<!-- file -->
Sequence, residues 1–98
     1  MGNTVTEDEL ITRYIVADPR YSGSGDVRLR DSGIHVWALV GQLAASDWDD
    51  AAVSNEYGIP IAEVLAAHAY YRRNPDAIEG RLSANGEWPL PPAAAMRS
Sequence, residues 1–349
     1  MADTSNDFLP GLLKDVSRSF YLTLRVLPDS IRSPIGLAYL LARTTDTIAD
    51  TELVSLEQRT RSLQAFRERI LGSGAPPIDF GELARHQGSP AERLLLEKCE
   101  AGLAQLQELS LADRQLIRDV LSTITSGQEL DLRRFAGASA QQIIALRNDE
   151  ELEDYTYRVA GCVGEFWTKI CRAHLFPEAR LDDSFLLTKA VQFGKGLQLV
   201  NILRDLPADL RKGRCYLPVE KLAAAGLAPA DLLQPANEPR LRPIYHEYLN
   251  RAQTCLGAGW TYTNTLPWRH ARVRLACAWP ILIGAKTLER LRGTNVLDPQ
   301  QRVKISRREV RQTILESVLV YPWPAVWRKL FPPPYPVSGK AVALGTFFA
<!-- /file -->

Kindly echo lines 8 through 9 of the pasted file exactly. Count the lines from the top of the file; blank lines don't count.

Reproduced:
   151  ELEDYTYRVA GCVGEFWTKI CRAHLFPEAR LDDSFLLTKA VQFGKGLQLV
   201  NILRDLPADL RKGRCYLPVE KLAAAGLAPA DLLQPANEPR LRPIYHEYLN